Ugh, is there anything worse than a dirty oven? If you use the appliance at all, chances are that baked-on grease, sticky grime, and burnt bits are going to accumulate—maybe not today or tomorrow, but someday. While many homeowners are lucky enough to enjoy a self-cleaning oven, that convenience comes with a consequence. Over time, the self-cleaning functionality ends up damaging the racks. To prolong their life, it’s recommended that, when possible, you clean oven racks the old-fashioned way. Fortunately, by using any of the following methods, you can get the job done quickly and with a minimum of hassle.

Bathtub Bliss

• Fill the tub with very hot water, just enough to cover the racks. Add up to 1/2 cup of dishwashing soap (or up to 3/4 cup laundry detergent). Let sit overnight.

• Alternatively, sprinkle baking soda over the racks, then douse them with vinegar. Once the foaming stops, submerge the racks in hot water and let sit overnight.

• In the morning, scrub the racks with an old dish towel to remove grease and grime, and use an old toothbrush to dislodge any baked-on grime. For really stubborn bits, add salt to the toothbrush to make the scrubbing more abrasive. Afterwards, rinse the racks thoroughly before returning them to the oven.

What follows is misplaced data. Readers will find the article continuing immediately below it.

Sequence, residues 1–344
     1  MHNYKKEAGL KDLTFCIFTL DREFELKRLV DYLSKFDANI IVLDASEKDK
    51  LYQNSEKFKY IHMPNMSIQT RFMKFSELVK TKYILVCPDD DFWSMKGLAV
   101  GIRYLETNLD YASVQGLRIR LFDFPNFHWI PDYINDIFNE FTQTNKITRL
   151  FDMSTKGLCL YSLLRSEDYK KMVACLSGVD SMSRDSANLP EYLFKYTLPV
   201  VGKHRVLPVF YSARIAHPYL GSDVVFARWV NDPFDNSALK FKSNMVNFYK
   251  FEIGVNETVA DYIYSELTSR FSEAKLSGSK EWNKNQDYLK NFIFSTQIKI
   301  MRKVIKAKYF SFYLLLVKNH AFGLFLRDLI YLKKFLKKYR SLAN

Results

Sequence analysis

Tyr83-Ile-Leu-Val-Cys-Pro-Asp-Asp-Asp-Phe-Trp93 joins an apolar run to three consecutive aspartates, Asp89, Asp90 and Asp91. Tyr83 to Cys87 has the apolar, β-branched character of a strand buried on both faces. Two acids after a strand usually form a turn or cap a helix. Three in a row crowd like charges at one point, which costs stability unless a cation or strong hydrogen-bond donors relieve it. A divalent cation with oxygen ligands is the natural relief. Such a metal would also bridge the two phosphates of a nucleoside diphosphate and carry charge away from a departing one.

How to Clean Oven Racks - Detail


Trash Bag Treasure

• Place oven racks into an unused trash bag. Add 1/2 quart of ammonia. Seal the bag and let sit overnight.

• Open the bag in the morning; be wary of ammonia fumes. Rinse the racks thoroughly and replace.

Commercial Cleansers

• Because many cleansers produce toxic fumes, if you plan on using a commercial cleanser, clean oven racks outside.

• Cover a work surface with sheet plastic or newspaper. Lay down the oven racks in a single layer.